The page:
The Columbia River Gorge is an amazing swath of land and water that dominates the landscape connecting Oregon and Washington. Nearly 80 miles long from the stem to stern you can be at sea level one minute and then be at 4,000 feet the next. Comprised of layer after layer of basalt that flowed from volcanoes that stretched from Canada to the Pacific Ocean. It is nearly indescribably beautiful. Every inch is fantastic and unique and no matter how much time you spend in the Gorge, she will never stop surprising you with something new, something unexpected and something more beautiful than the last.
I discovered the Gorge through a teacher and friend, Terry Toedtemeier. Terry was a Geologist, a photographer and amazing person with an unflinchingly unique view of the world and it’s totally his fault that I’ve spent the better part of 25 years trying to understand it through the lens of my camera. So when I’m presented with an opportunity to go someplace of which I have never been or heard of, I jump at the chance, and this time I landed firmly at the base of Hole in the Wall Falls.
Tucked away in the woods near Starvation Creek, this gem started its life as Warren Creek Falls. It’s a wonderful falls roughly about the size of Wahkeena Falls and unless you went hiking along the Mt. Defiance Trail 413 you probably have neither seen nor heard of it. Since the 50s when I-84 was built and large portions of the Scenic Highway were abandoned or taken over by the freeway the falls has been basically hidden from view and largely unadvertised, which is a shame because it’s a nice falls, but that also means that it’s still kind of a hidden gem.
A big one actually, once you know about it, it’s kind of hard to believe that it’s been there right under our nose for decades. It hasn’t really been advertised much, I mean it’s mentioned in a few spots and a couple of books but always as a side note, never as a destination. Warren Creek is only about a half mile to the west of Starvation Creek along the original route of the Historic Highway. Rising about 100 feet above the trail the falls now drops down along the Mount Defiance trail. There is a really nice log footbridge crossing the creek next to a car sized chunk of basalt. In the 30’s Warren Creek was doing what creeks in the Gorge tend to do, erode everything in their path, the problem in this instance is that the everything was the Historic Highway 30. As you can imagine, a little thing like a creek can’t threaten such a major thoroughfare through the Gorge so it was decided to divert the creek by blasting a hole in the rock-face. At first glance from the base of the falls you’d never notice the nicely squared off hole in the basalt wall, nor would you have noticed the grating a couple hundred feet back up the trail that allows the water to go through this fancy new grating to the diversion tunnel. You can see the new opening from the trail, although you have to give it a good look to see what it actually is and at first I thought it was a corrugated metal roof; but nope, it was something much cooler. OPB did a program about Warren Creek and it’s diversion a few years ago on Oregon Field Guide too.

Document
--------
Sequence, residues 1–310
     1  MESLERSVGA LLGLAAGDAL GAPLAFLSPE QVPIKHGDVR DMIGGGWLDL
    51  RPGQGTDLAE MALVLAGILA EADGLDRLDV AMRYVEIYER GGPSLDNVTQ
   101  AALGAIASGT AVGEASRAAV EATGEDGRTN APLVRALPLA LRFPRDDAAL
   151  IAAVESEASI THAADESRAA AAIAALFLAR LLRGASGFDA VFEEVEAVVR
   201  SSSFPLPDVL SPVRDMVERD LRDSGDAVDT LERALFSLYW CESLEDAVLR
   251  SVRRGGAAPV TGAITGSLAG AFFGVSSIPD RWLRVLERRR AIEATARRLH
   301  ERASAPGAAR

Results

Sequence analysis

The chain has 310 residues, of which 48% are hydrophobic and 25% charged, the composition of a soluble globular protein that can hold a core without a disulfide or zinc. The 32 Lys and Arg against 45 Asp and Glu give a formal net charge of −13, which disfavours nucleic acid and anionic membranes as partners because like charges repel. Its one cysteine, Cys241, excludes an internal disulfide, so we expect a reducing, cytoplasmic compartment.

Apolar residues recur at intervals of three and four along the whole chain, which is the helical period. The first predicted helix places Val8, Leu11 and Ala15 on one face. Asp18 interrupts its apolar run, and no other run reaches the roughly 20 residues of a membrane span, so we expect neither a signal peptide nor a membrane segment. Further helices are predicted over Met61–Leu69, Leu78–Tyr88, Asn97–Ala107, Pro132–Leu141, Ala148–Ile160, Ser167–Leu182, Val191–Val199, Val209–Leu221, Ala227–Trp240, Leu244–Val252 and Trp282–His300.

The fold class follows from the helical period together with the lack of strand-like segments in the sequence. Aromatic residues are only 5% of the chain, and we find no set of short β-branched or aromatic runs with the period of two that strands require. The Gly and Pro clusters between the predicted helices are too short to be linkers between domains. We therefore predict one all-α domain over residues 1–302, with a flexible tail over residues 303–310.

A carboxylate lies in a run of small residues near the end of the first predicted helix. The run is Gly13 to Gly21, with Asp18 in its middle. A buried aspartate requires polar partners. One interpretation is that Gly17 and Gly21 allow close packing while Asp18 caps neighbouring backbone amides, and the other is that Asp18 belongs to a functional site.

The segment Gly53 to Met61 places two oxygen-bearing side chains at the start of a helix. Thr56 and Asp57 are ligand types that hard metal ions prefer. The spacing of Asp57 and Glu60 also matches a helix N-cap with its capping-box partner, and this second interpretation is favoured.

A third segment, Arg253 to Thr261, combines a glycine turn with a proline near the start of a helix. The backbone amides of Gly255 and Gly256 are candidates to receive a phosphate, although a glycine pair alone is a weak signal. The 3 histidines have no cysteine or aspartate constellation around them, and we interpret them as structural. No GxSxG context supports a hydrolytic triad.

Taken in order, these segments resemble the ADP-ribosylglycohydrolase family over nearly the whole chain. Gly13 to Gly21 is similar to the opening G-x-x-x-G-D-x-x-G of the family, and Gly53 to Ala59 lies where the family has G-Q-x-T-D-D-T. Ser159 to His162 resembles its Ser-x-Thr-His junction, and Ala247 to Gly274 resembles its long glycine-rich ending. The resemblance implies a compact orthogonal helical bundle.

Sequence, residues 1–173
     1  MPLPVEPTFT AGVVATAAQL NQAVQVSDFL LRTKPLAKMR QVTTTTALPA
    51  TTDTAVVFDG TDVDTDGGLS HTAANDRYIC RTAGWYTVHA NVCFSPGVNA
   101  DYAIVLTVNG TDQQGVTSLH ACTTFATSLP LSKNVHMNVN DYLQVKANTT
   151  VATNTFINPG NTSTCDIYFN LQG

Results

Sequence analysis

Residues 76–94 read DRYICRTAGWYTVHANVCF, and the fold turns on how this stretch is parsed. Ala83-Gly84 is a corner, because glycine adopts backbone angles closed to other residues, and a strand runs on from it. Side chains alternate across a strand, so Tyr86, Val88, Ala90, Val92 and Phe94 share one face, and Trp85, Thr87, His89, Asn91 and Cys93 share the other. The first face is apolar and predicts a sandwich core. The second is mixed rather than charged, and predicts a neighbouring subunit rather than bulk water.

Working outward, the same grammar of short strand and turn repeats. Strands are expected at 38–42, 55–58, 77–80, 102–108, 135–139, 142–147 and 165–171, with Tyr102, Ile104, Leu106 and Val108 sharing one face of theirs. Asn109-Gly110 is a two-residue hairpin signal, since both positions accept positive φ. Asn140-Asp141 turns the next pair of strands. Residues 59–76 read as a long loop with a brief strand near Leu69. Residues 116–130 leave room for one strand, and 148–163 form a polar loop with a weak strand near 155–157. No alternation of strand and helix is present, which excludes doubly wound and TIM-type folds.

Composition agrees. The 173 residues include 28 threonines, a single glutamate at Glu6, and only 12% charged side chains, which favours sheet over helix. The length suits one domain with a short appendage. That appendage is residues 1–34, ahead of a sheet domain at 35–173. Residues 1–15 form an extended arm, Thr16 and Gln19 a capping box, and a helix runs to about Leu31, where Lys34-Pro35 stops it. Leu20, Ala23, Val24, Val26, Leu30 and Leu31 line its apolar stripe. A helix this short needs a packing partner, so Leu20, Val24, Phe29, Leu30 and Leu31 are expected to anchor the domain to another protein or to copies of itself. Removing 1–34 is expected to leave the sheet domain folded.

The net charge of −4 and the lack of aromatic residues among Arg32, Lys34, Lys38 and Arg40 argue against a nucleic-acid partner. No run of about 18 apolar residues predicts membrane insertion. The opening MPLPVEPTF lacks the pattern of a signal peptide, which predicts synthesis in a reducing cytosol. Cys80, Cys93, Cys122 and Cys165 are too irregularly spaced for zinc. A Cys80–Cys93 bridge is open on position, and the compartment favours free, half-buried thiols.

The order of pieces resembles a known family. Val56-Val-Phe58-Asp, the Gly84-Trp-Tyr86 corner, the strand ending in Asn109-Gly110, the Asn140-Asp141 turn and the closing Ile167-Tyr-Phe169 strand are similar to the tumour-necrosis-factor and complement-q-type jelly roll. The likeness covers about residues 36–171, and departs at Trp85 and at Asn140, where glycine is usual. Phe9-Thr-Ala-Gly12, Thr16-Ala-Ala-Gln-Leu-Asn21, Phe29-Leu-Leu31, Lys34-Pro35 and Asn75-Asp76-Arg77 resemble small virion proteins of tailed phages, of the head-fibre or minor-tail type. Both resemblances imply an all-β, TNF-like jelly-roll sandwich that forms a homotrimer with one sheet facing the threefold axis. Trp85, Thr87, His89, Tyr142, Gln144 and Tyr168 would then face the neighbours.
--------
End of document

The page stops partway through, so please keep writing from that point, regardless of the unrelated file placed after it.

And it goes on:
This “new” falls is one of the things that I love about the Columbia River Gorge; no matter how many times you’ve ventured into the Gorge it always finds a way to be surprising, to show you something new, revealing another detail about itself. If you’re up for a good hike, you find your way up to the top of the falls and look down into the opening. As long as we’re headed back up the trail too, you might as well as stop and take a peek at the notch where Warren Creek Falls used to flow. Completely dry for nearly the last 100 years the old path is not much more than a mossy, lichen covered immense wall of vertically columned basalt, but now you know what it is; where it is and you can’t unsee it.